The Burning Throne, Episode 17: Gisei Toshi

Continued from: http://larrycorreia.wordpress.com/2012/02/24/the-burning-throne-episode-16-old-crab-new-tricks/ 

In honor of yesterday’s Book Bomb, this week’s episode comes from Dan Wells, who is GMing this campaign.

When last we saw Zuko and Machio they had been attacked by Yobanjin Sky Riders. Machio had been captured and Zuko had attempted to pursue them, but couldn’t catch up. The character suffers from a disadvantage called Lord Moon’s Curse, which basically means he loses his mind once in awhile during the full moon, and sadly, this was during the full moon and he didn’t make his willpower check. We have no idea what he did that night, but Zuko woke up in a cave in the middle of nowhere the next morning with a map to a mystical city that doesn’t officially exist and a message scrawled on the wall in his own blood that his death was at hand. He followed the map, and the rest of the party didn’t see him for quite some time.

Fosuta Zuko visits Gisei Toshi

Silence.

Rain.

Isawa Hideaki listened to the rain, not the storm but the drops, a million million tiny drops of rain, some fat and wet, some small and sharp and cold, clattering down on the rooftops and the courtyard and the trees Hideaki had so carefully tended that morning. Each drop fell separate, alone in an endless torrent, and as they slipped and splashed and splattered through the leaves of the tended trees Hideaki heard them, saw them, greeted them with the courtesy of proud old men. Each had their place in the storm.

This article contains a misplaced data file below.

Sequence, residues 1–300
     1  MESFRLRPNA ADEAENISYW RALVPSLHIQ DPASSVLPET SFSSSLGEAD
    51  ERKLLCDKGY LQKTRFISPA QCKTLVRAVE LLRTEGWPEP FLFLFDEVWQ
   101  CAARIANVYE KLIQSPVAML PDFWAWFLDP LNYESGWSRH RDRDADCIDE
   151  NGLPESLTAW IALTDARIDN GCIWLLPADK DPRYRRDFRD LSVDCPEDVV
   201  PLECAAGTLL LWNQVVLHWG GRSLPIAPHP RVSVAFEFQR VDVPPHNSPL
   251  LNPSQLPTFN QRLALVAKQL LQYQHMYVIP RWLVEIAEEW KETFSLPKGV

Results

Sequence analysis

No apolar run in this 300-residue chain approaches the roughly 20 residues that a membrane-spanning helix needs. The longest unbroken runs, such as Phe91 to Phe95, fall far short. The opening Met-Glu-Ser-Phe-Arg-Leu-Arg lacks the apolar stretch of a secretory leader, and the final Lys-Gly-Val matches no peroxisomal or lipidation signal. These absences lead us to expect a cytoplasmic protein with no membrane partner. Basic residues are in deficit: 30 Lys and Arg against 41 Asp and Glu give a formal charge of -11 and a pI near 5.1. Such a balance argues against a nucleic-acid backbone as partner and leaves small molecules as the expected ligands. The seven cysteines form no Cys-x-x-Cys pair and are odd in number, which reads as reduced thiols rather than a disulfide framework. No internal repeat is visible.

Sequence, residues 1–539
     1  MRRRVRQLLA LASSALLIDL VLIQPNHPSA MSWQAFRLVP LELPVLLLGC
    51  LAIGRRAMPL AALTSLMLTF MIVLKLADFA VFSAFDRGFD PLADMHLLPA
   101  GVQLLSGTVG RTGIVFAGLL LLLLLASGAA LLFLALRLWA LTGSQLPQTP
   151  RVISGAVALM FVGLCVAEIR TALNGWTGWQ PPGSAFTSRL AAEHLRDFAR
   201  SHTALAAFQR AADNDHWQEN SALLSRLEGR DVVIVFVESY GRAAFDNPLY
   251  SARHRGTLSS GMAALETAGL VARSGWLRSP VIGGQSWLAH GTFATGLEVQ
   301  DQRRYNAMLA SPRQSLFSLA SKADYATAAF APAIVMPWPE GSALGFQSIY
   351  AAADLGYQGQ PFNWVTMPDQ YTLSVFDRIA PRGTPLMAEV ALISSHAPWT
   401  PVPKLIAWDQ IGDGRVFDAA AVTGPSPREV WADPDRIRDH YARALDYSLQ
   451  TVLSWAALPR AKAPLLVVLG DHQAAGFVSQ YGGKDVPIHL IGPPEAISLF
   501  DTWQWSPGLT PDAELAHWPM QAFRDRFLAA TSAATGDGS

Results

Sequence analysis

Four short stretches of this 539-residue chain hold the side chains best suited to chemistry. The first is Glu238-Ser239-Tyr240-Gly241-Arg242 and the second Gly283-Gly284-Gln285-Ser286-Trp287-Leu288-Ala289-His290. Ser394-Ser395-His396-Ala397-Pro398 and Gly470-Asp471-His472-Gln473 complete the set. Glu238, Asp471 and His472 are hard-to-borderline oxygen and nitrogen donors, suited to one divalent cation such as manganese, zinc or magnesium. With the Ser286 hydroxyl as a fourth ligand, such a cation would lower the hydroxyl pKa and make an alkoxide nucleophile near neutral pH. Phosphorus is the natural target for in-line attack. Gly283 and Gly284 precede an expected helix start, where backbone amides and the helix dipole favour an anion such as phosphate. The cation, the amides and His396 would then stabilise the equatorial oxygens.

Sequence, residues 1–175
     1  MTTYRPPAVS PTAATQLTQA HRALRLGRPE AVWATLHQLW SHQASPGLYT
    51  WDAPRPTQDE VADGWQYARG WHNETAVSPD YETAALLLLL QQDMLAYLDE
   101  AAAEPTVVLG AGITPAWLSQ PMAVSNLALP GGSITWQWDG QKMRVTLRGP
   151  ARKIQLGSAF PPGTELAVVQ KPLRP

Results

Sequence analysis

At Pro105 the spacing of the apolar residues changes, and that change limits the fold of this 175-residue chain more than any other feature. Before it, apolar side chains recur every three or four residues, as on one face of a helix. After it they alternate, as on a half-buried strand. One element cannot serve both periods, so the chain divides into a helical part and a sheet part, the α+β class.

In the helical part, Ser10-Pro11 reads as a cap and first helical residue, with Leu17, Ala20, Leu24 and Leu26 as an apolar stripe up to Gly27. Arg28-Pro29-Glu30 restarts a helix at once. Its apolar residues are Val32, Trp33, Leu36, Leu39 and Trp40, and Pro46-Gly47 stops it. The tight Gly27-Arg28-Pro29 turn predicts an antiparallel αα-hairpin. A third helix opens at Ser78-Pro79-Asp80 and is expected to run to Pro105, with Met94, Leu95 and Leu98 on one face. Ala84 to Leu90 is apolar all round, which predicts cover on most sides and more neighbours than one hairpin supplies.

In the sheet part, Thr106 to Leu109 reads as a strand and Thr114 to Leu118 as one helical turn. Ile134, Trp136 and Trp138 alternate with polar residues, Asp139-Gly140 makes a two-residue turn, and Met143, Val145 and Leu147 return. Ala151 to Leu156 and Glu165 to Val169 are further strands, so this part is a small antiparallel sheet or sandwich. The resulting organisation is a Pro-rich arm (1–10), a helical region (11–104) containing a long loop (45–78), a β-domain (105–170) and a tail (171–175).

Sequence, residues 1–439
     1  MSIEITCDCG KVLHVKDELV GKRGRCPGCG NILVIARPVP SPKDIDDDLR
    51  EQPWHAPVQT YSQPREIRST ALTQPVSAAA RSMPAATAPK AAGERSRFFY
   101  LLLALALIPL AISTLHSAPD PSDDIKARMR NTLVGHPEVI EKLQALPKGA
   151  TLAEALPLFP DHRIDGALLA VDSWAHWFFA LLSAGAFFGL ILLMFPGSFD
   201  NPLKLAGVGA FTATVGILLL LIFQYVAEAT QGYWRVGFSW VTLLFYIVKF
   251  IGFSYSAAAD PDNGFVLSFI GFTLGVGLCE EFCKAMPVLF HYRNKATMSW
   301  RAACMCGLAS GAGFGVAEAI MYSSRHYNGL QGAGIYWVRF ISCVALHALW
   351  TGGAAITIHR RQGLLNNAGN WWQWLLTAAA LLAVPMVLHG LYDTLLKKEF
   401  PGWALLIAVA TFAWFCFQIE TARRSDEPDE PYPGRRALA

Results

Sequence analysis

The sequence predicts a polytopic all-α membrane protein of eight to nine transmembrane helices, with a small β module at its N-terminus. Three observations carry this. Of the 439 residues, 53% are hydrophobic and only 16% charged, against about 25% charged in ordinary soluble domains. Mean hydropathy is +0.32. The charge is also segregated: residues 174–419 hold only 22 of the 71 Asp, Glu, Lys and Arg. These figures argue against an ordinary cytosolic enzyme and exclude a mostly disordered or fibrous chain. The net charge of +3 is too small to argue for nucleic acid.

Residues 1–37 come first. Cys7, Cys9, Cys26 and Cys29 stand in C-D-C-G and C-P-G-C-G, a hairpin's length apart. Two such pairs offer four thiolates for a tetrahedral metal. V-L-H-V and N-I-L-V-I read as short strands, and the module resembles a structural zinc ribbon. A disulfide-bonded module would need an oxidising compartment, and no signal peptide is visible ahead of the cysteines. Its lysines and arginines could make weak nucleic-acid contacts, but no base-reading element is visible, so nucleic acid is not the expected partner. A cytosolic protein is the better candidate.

A hole moved swiftly through the sky, noiseless and formless, scattering the drops and yet this, too, was a part of their pattern. Hideaki waited as the nothing dropped behind him to the ground, listened as its silent footsteps passed the threshold of the temple, nodded as its sword slid perfectly from its scabbard.

“Hold, monk.” The nothing’s voice was as cold as the rain. A samurai well-acquainted with darkness.

Hideaki was not moving before, and did not move now. He listened to the samurai’s breathing, trained and measured and laced with hesitation. Being acquainted with darkness does not mean overcoming it.

“What is this place?”

Hideaki answered simply. “It is a tomb.”

“Not this building, monk, the city? What is it? No one has ever heard of it, no men go in or out, you grow your own rice inside the city walls. I have traveled the length of it and found no palace; I have circled the breadth of it and found no doors.” The samurai held his blade still as steel. “What are the secrets of Gisei Toshi?”

“You know its name,” said Hideaki. This was most interesting, yet still, he saw, a part of the pattern. “If no one knows of it, how did you learn it?”

“I followed a map.”

“There is only one map,” said Hideaki, nodding. “How did you acquire it?”

“My secrets are my own,” said the samurai. “I am here for yours, and I warn you to give them up quickly.”

“You know much, and yet you know nothing,” said Hideaki. “You are not what I expected.”

The samurai’s voice changed—more curious, more afraid. “You knew I was coming.”